Teenagers under 18 are children. Children should not be given alcohol and should not be allowed consume it.The reason there is so much teenage drinking is because of irresponsible parenting. Alcohol is introduced in to every significant occasion in childrens lives.It is no wonder they associate drink with enjoyment and regard itb as a neccessity.

    Rubbish. Explain how the likes of the French, Spanish, Portuguese and the rest are all such sensible drinkers compared to us when you see them giving drink to their kids at home as a matter of course.
    Parents aren't allowed to punish their children any more.

    Really? Try telling my kids that if they lose their phone or games console for a week. Either of them would probably prefer a smack to the other types of punishment that actually require a parent to do some parenting rather than just thumping the kids.


  • Registered Users Posts: 6,685 ✭✭✭flutered


    Teenagers under 18 are children. Children should not be given alcohol and should not be allowed consume it.The reason there is so much teenage drinking is because of irresponsible parenting. Alcohol is introduced in to every significant occasion in childrens lives.It is no wonder they associate drink with enjoyment and regard itb as a neccessity.

    yet in some parts of europe they drink wine with meals from a young age, is this country on the road to be the most nanny place in the planet outside of north korea


  • Registered Users Posts: 6,238 ✭✭✭Claw Hammer


    Jayop wrote: »
    Rubbish. Explain how the likes of the French, Spanish, Portuguese and the rest are all such sensible drinkers compared to us when you see them giving drink to their kids at home as a matter of course.



    Really? Try telling my kids that if they lose their phone or games console for a week. Either of them would probably prefer a smack to the other types of punishment that actually require a parent to do some parenting rather than just thumping the kids.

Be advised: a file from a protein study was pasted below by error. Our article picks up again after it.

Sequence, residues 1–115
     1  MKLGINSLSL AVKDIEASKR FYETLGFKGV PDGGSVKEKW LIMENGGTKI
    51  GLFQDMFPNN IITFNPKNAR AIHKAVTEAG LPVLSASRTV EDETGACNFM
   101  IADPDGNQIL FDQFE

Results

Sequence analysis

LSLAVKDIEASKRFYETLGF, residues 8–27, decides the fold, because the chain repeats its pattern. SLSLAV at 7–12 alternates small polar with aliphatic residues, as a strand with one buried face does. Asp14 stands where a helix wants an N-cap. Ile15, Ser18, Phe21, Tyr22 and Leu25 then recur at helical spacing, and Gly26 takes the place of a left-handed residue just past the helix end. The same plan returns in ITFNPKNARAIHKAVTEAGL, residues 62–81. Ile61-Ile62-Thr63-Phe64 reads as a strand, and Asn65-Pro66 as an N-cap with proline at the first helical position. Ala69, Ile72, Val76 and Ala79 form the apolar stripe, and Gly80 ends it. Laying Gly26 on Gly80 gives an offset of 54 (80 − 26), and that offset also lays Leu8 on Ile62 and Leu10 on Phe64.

There is nothing sensible about giving drink to children. the parents own drinking pattern is irrelevant.
    Not having a phone or games console is not punishment. All it is doing is making them even more spoilt.


  • Registered Users Posts: 195 ✭✭toptom


    My eldest when he were a teen got brought home by the guards when he was 15 in thurles at the feile 91, Legless he was, Our family were mortified about it.
    He didn't see a drink again till he was 18 because we kept our eye on him and pretty much grounded him from then on. Once was enough in our house it wasnt going to occur again


  • Closed Accounts Posts: 17,388 ✭✭✭✭Jayop


    There is nothing sensible about giving drink to children. the parents own drinking pattern is irrelevant.
    Not having a phone or games console is not punishment. All it is doing is making them even more spoilt.

    lol right-o

    So all the countries that have a sensible approach to drinking are wrong and you are right.


    So tell me, how should you punish a child (if you were legally allowed)?


  • Closed Accounts Posts: 1,271 ✭✭✭Elemonator


    I was allowed at 16, but only one. You are right when you say that allowing a small bit at home goes a long way towards reducing the need to get mongoed in the local field (not that the Gardai seemed to care when we did, all they cared about was our camp fire going out of control).

    But you need to be careful, I know a few people who got the sense of rampant adventurism at the age of just 13 and eventually moved onto drugs. Trying to live up to a reputation methinks.


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  • Registered Users Posts: 6,238 ✭✭✭Claw Hammer


    Jayop wrote: »
    lol right-o

    So all the countries that have a sensible approach to drinking are wrong and you are right.


    So tell me, how should you punish a child (if you were legally allowed)?
    Countries do not have an approach to drinking. Individuals do. This giving drink to children is all about people feling virtuous about doing something about the fact that some so called adults behave irresponsibly. The punishment should fit the crime.